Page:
Most people associate hurricanes with high winds, intense rain and rapid flooding on land.
Most people associate hurricanes with high winds, intense rain and rapid flooding on land. But these storms can also change the chemistry of coastal waters. Such shifts are less visible than damage on land, but they can have dire consequences for marine life and coastal ocean ecosystems.
We are oceanographers who study the effects of ocean acidification, including on organisms like oysters and corals. In a recent study, we examined how stormwater runoff from Hurricane Harvey in 2017 affected the water chemistry of Galveston Bay and the health of the bay’s oyster reefs. We wanted to understand how extreme rainfall and runoff from hurricanes influenced acidification of bay waters, and how long these changes could last.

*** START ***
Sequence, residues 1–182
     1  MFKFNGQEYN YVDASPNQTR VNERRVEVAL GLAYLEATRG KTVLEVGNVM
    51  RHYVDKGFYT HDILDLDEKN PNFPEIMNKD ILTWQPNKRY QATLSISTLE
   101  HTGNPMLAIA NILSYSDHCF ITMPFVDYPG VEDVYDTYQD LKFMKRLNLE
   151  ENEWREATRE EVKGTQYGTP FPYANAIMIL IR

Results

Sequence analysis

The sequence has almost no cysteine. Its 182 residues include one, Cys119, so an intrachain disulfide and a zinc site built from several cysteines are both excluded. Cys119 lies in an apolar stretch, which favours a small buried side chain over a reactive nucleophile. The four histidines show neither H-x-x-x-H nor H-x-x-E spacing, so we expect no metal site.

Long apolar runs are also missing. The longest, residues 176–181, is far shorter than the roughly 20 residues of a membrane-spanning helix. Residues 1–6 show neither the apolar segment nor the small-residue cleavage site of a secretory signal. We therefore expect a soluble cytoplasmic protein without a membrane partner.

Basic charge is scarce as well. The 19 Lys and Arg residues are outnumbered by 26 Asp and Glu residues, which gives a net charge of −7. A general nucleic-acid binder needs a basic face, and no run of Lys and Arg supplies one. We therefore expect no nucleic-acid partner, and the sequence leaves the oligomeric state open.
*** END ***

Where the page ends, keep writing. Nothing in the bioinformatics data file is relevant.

Our findings were startling. Hurricane Harvey, which generated massive rainfall in the Houston metropolitan area, delivered a huge pulse of fresh water into Galveston Bay. As a result, the bay was two to four times more acidic than normal for at least three weeks after the storm.
Read more at: Texas A&M University